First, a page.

Historically, the three basic activities of the Western family were production, reproduction, and consumption. Through these activities, a family could sustain and maintain themselves.
Production includes all of the work that goes into raising animals and crops for food, as well as the production of household items like clothing and furniture. All of the labor that goes into making the things a family needs (or wants) for their life falls under the category of production.
Reproduction, on the other hand, is essentially the production of more human beings. For much of history, families lived on the same land for several generations. When children were born and raised, they integrated into the family as a distinct entity and prolonged its lifespan. Reproduction, in the social sense, re-establishes and re-creates life as the family knew it.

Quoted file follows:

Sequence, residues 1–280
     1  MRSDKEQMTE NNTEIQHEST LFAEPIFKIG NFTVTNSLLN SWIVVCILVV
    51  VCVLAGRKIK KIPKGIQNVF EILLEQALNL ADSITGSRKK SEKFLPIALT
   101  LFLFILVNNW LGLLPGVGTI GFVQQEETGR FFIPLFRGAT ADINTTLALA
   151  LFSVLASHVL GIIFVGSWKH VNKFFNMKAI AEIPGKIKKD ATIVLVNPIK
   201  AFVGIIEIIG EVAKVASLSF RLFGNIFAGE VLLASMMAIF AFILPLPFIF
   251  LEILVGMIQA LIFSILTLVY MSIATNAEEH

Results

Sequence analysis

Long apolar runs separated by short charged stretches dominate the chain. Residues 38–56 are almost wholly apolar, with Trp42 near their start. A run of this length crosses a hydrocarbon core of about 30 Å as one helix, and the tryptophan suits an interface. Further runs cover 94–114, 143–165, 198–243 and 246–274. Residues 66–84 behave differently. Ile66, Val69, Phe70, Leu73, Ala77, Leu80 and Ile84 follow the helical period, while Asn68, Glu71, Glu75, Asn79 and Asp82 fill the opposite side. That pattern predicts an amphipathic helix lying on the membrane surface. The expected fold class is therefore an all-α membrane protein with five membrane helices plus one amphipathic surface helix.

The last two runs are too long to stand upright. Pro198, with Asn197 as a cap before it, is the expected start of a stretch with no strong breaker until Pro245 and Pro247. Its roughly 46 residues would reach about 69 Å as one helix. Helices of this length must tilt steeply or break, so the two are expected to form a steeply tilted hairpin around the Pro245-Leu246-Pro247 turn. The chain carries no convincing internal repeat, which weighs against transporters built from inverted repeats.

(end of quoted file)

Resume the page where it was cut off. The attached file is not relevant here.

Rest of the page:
The third activity performed by all families was consumption — the use of materials necessary for sustaining life. This includes the food a family worked to raise as well as materials like firewood or fiber-bearing plants used to produce textiles.